Every philosophy of the good society starts with an account of the canonical complaint that the state should help to put right: the evil that the society should drive out by means of political organization and initiative. The complaints targeted for political rectification come in two broad families. On the one side, personal afflictions like misery or poverty or inequality; on the other, social failures like division or disorder or perhaps an excess of customary restriction.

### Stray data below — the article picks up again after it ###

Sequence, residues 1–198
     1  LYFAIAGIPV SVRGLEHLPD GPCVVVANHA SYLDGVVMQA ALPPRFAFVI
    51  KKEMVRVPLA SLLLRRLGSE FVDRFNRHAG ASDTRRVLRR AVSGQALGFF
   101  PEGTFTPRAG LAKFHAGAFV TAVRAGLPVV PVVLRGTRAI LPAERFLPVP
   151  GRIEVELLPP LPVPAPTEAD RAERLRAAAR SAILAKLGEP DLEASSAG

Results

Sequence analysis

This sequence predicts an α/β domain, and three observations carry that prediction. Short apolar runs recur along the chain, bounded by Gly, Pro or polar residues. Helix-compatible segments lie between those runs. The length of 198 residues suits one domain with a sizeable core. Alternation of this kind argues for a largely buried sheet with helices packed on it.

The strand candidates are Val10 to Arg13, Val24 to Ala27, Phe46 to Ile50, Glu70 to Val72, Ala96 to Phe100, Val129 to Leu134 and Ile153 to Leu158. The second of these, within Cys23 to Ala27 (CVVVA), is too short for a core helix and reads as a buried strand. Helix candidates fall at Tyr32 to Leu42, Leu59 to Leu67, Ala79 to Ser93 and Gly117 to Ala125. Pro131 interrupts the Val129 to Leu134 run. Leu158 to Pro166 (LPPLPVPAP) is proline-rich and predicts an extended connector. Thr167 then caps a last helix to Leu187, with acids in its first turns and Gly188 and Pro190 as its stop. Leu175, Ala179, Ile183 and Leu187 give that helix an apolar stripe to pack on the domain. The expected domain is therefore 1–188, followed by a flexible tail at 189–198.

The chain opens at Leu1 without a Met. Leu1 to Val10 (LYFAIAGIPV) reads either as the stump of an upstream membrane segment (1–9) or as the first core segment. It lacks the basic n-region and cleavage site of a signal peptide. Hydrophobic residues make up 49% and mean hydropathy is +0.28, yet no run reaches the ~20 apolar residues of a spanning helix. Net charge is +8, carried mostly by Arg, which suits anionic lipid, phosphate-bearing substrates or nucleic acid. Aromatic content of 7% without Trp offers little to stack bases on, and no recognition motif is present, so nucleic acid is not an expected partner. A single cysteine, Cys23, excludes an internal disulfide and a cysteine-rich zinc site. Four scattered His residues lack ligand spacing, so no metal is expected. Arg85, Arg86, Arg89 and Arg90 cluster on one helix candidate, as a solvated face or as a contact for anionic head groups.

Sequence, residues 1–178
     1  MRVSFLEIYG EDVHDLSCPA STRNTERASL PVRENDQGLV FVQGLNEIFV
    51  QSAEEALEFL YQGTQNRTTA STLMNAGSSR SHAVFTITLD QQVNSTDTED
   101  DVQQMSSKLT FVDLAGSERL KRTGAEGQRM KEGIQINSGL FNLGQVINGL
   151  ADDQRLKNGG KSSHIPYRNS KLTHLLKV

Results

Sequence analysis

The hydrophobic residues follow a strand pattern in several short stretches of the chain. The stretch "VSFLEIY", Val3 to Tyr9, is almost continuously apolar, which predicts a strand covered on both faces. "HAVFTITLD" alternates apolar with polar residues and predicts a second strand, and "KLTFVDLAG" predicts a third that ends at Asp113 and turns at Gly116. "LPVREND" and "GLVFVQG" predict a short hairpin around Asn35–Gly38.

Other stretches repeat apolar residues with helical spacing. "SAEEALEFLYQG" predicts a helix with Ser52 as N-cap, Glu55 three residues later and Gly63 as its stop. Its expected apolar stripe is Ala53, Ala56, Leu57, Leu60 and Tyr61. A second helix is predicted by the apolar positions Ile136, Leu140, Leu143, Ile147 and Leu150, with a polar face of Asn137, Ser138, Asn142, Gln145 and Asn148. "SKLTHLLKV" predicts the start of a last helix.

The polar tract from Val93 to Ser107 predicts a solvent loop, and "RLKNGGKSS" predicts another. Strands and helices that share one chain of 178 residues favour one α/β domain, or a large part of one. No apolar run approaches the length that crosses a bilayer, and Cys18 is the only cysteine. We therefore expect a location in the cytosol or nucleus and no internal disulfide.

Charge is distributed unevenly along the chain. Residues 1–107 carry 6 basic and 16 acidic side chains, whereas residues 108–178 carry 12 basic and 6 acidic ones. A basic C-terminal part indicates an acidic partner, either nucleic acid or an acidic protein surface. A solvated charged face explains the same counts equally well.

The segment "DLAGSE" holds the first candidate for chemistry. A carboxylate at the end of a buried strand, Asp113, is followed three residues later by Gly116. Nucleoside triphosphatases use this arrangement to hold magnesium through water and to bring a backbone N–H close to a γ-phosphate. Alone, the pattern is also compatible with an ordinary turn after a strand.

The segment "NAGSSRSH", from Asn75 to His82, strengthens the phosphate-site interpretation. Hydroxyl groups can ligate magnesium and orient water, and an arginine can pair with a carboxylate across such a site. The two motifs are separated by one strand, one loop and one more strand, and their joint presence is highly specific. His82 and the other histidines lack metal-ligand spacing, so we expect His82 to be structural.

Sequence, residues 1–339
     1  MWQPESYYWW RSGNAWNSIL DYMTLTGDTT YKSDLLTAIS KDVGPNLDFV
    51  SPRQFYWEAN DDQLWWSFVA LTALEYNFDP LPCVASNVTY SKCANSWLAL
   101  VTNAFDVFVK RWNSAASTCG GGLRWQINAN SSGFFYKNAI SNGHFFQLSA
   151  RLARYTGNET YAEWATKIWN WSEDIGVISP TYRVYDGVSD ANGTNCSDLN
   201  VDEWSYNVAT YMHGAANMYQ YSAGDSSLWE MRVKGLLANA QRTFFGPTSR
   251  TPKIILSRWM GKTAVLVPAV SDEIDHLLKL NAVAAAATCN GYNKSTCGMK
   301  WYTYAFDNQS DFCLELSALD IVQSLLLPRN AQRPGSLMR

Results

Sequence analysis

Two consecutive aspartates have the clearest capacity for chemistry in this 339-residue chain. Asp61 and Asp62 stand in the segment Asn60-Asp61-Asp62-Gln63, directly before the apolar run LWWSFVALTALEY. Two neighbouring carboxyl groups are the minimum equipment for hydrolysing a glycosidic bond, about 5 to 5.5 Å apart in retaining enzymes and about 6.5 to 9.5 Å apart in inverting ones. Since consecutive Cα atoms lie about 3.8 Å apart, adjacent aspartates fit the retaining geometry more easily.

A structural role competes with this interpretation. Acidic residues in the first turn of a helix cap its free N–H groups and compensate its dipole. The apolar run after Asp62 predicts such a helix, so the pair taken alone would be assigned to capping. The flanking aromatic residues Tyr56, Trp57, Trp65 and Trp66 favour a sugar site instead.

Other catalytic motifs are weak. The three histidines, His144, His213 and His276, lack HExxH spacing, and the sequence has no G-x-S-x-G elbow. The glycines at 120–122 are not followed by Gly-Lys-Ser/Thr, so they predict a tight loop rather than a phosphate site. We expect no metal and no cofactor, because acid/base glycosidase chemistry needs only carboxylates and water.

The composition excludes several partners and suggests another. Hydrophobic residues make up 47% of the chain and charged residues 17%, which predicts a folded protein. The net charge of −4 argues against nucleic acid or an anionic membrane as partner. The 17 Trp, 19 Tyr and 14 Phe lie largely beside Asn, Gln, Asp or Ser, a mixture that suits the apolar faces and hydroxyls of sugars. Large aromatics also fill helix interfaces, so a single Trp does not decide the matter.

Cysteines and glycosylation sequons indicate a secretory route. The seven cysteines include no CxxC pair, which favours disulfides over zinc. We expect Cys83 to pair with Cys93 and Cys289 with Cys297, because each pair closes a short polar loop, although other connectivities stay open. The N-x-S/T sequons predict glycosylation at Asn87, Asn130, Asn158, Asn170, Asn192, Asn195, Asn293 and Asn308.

The more personal complaints generate a powerfully motivating agenda, since most of us would rejoice in a state that silenced them. But these complaints are liable to seem politically over-demanding. While it would be good to be rid of misery or poverty or inequality, not everyone will agree that the state could, or should, be given the job of dealing with them. The removal of the less personal evils is not politically over-demanding in the same way, for most people will think that the state is able to remedy such failures. But these complaints may fail to motivate appropriately: their rectification falls short of what many of us feel that we in a politically organized society can and should collectively provide for our members.
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